Research 7 – Paper Art
I’ve chosen to research some of the artists that are currently listed as the most famous or well known, and I’ve also chosen an OCA student and an Irish artist to show how their skills in paper cutting have evolved to become works of art.
Image from google
Paper cutting art is suggested as having dated back to the 2nd century in China as paper was invented during the Eastern Han Dynasty. We’re more familiar with Egypt having invented papyrus and how many uses the Egyptians had for it. However, many archaeology records start at the 6th century in China for recording the paper cutting artform. That isn’t to say the artform was around before paper as leaves and other materials would have been a good way to create such beautiful decorations. Papercut art became more affordable as paper became cheaper, and window cuttings were used to decorate homes or attract good luck.
It is considered a folk art in China and the decorative features are free formed but often depict some story from Chinese opera. As many people using the decorations would have been farmers and worked the land, the art would often depict farming, crops, and symbols of good fortune. Paper cuttings would often be used in religious ceremonies, events, and symbolic ceremonies.
Paper cutting extended to shadow puppetry. The earliest forms were created in paper and a light cast to create shadow characters on a sheet or a wall. These decorative art forms became more animated as they had moveable paper parts. This evolved into puppets made of leather and oxen, but the earlier forms were paper.
The main ways to create a paper cutting are with a scissors or a knife. There are many illustrators who choose to engage with this art form as a way of expressing their creativity.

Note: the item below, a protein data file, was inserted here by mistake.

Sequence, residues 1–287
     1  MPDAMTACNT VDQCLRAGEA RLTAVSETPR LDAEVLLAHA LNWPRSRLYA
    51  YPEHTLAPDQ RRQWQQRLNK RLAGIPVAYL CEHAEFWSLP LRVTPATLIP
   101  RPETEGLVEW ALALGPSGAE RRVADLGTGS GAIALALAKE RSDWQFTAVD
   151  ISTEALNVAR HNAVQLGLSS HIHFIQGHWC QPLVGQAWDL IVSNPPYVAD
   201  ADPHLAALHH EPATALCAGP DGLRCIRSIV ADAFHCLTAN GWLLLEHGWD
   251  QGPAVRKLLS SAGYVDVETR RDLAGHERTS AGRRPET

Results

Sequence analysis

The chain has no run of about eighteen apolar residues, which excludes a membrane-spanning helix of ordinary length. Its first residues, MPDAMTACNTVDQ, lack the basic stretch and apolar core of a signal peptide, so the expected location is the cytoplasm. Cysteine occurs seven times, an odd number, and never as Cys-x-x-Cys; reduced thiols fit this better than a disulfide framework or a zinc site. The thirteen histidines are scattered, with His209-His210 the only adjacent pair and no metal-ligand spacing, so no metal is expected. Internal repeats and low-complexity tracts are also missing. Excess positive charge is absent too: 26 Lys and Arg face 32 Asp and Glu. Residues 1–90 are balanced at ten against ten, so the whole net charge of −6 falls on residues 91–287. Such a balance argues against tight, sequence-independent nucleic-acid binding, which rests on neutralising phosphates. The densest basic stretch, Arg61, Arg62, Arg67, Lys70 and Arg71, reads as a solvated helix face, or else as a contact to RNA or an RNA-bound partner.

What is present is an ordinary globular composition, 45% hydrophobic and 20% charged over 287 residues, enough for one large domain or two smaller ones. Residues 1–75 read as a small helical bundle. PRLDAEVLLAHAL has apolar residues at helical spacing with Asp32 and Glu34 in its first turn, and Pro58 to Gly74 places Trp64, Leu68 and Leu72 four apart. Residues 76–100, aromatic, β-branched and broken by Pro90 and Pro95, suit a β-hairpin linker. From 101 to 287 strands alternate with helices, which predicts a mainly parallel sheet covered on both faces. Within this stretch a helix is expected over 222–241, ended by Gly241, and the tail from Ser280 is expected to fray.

Comparing artists – How have they used paper and what processes have they put it through?
Figure 1 has a paper cutting of feathers by Parth Kothekar, which is astonishingly beautiful. The cutting marks are extremely delicate, and the time taken to create the work would have been quite long.
In Figure 2, Morgana Wallace has also expressed a wistful and delicate movement within the cuttings but she has cut the shape of the hair and cloth to reflect it rather than cut into the paper and leave a surround.
Parth’s feathers have a softness as a result of using various sections and cutting lines of varying length into that section. Morgana’s illustration looks layered and deliberately cut into shapes. She has also applied gradients to the clothing with watercolour or ink, and this colouring in and layered effect help it jump off the page. These are absolutely gorgeous artforms and a lot of care and skill went into creating them. You can see how these illustrations would look beautiful framed.
Gemma Lorente-Shore is a current OCA student who has created beautiful portraits with paper cutting. She works in layers too and applies paint and pencil to add textures and capture the likeness of the pet she is creating a portrait of.
By comparison, Maeve Clancy is a mutli-media artist based in the west of Ireland. She works in large paper formats and has created comics along with animated content. She has completed large commissions such as the paper crannog in the figure below. She cuts into the paper and uses negative spaces a lot to suggest depth and shadow of spaces. Her work is ranged so she can go from a smaller piece around A3 in size to covering an entire room full of her paper cuttings. It’s an astonishing amount of work and cutting. She uses coloured paper for contrasting her installation, as seen here in the image of her paper crannog. The leaves on either side acting as a way to bring your eye to the delicate structure handing from the ceiling.
There are many ways to express your creativity in paper, and paper cuttings have proven to be a timeless form of decorative art. Moving them into larger installations is a phenomenal task and having viewed Maeve Clancy’s installation, it is truly astonishing to see the level of detail injected into the work. The skilled involved is jaw dropping.
How could I try this out?
From the research I feel that the easiest way to introduce myself to this beautiful art form would be to start at a reasonable size, not too big or small, and with minimum detailed work involved. I’m not the handiest with cutting and don’t feel it a safe venture, but the work of Woodlucker does feel like something I want to explore and would be willing to try. I have a love of moths and so attaching that sense of enthusiasm to moths might be a way to create with paper in this way.
Chinese Shadow Puppetry (2018) Travel China Guide
Wikipedia (2020) The history of Chinese paper cutting
Gemma Lorente-Shore (2021) Paper Pawtraits
Maeve Clancy (2021) Paper Artist
Barnes, (2017) 31 Artists Who transform ordinary paper into astonishing works of art
Joshua Mark (2016) world history